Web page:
Demand from Luxembourg may hold the key to future improvement in volumes in the Shanghai-Hong Kong Stock Connect, the access mechanism which has largely been neglected by local investors in the fortnight since inception.
Luxembourg funds can now use the Stock Connect programme according to local lawyers Arendt & Medernach – although specific conditions will apply to each applicant. Irish and Cyprus UCITS funds were already permitted to use the Stock Connect, but in terms of potential flows they are small compared to Luxembourg funds, which account for approximately 80-85% of European UCITS assets under management.
According to Arednt & Medernach,, the Commission de Surveillance du Secteur Financier (CSSF) , the securities regulator in Luxembourg, has said it will let UCITS funds (Undertakings For The Collective Investment Of Transferable Securities) invest in China via the Stock Connect.
It had equivocated previously. Luxembourg law says that funds are not allowed to buy funds where they aren’t recognised as the beneficial owner of the securities. At first that law was deemed to conflict with the legal framework of the Stock Connect, where beneficial ownership is less clear.
“There are a huge volume of Luxembourg managers keen to take on some basic China exposure,” said Barnaby Nelson, regional head for Northeast Asia and Greater China transaction banking at Standard Chartered. They’re the first injection of quota consumption, predicts Nelson. “There should be some moment in Q2/2015 when those managers will jump in, individually in a small way, but forming cumulatively a much larger amount.”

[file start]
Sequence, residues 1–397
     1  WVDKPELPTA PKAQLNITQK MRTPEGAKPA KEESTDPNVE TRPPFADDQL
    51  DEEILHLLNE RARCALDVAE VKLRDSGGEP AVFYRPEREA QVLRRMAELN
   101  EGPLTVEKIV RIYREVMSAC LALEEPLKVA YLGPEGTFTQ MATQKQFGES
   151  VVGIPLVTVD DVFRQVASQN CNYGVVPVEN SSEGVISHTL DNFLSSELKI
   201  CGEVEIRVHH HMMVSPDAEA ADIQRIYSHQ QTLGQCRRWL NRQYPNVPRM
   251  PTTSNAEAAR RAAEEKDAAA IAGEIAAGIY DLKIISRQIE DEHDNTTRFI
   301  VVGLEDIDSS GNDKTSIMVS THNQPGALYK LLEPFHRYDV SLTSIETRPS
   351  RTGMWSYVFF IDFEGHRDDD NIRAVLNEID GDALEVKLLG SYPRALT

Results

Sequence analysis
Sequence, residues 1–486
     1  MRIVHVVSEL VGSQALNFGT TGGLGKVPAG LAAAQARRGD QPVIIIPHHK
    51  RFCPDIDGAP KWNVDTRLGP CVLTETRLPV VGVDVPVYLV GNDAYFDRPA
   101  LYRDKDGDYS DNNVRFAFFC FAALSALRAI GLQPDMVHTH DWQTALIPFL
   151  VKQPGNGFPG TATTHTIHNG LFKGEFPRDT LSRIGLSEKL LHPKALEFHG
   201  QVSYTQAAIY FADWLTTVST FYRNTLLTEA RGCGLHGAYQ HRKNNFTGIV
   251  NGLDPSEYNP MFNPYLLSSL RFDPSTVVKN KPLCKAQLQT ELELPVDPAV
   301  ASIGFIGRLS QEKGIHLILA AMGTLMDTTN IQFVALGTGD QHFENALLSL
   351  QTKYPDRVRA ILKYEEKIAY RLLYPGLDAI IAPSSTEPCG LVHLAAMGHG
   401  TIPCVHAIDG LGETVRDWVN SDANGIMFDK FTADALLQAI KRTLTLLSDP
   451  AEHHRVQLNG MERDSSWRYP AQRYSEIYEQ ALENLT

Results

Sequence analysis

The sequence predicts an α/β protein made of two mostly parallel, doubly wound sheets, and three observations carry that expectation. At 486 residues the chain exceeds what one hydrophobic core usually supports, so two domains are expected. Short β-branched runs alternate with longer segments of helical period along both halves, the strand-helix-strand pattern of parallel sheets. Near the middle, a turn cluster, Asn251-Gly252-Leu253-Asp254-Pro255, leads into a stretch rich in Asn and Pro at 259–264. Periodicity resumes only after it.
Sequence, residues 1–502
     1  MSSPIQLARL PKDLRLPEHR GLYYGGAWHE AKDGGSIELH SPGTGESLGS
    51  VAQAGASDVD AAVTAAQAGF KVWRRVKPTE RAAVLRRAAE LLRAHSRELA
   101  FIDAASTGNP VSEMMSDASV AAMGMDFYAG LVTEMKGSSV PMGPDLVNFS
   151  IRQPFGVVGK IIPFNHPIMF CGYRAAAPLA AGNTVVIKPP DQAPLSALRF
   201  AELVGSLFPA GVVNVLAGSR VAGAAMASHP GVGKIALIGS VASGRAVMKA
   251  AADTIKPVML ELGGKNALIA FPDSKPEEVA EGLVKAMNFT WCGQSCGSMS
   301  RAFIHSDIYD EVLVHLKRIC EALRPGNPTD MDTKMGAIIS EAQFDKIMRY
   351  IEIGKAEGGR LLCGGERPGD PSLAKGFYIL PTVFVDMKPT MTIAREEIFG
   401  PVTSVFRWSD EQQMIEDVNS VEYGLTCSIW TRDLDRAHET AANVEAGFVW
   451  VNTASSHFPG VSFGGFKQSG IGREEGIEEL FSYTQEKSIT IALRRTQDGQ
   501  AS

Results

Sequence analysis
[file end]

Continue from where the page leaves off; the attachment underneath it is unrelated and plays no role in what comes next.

The Stock Connect trade on the first day of launch was rebalancing the premium and discount between the two markets, and once that was accomplished, the next big trade had to conceptualised. It is not clear what that big idea is yet, although last Monday did see more Stock Connect activity after the previous Friday’s 40 basis point cut in lending rates.
The outstanding issue of tax had been solved, for now at least, when it was announced that taxes would be waived until further notice on A share trades across all access schemes.
Such UCITS funds are not necessarily China-focused. If they were China-themed, then they logically would already have some operating arrangement in place, such as a QFII programme.
“Most UCITS funds have a 5% discretionary exposure that they can take to anything to they want,” said Nelson. “There are a lot of global and Asian funds saying they’d be happy to rack up exposure to Stock Connect A shares without having to rewrite their prospectuses.”
Funds could express a China view in another way, such as via P notes or red chips.
Nelson said that in his firm’s experience the P Notes desk was busy during the Stock Connect launch period, which is the reverse of what one might expect if P Note users were thinking about possibly getting into direct stock investment.
His interpretation of that unexpected activity is that P notes have no ambiguity regulatory-wise about how they can be used, although such derivatives though cannot be used in the portfolio of long only funds and UCITS funds in Europe, only for institutions acquiring them using their own money.